(9d) Additive Manufacturing of Core-Shell Microparticles Containing Thermosetting Resins

Yang, G., University of Massachusetts Amherst
Huang, M., University of Massachusetts Amherst
Klier, J., University of Massachusetts Amherst
Schiffman, J. D., University of Massachusetts Amherst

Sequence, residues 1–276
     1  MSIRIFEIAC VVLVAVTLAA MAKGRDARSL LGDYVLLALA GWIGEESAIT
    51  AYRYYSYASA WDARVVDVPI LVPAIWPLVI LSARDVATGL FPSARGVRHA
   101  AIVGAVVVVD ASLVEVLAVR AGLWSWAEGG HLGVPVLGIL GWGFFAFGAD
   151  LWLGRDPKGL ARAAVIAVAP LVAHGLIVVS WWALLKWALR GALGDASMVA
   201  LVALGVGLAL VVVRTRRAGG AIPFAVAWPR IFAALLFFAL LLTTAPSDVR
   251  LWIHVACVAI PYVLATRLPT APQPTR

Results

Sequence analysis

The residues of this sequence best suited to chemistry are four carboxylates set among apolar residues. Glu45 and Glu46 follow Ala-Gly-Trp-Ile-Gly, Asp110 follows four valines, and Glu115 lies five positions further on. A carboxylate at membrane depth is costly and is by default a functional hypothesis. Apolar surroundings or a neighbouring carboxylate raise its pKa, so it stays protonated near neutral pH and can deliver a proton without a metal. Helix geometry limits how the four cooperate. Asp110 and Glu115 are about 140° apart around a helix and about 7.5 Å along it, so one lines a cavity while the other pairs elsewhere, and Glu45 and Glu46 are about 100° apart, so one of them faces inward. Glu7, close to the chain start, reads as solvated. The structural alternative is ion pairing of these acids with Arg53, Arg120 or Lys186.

Cold spray deposition is a common additive manufacturing method for fabricating metal coatings that involves the spraying metal particles at high-speeds. However, this scalable, additive manufacturing process has not yet generated solid polymer coatings. Our study enables the cold spraying of solid polymer materials at room temperature. Here, we developed novel, core-shell thermoplastic microparticles containing a high concentration of thermosetting resins. Suspension polymerization was employed to produce the microparticles due to its many advantages, namely low conversion cost, mature scale-up processing, and a versatile tunability in terms of particle size and morphology. The thermal properties, size distribution, morphology, and composition of the particles were explored and fine-tuned in an effort to optimize the deposition of the particles at room temperature using cold spray technology. The outcome of this study is a novel form of sprayable thermosetting powders that deposit to form a coating with a high performance, easy operation processing, significant environmental benefits, and a commercial feasibility.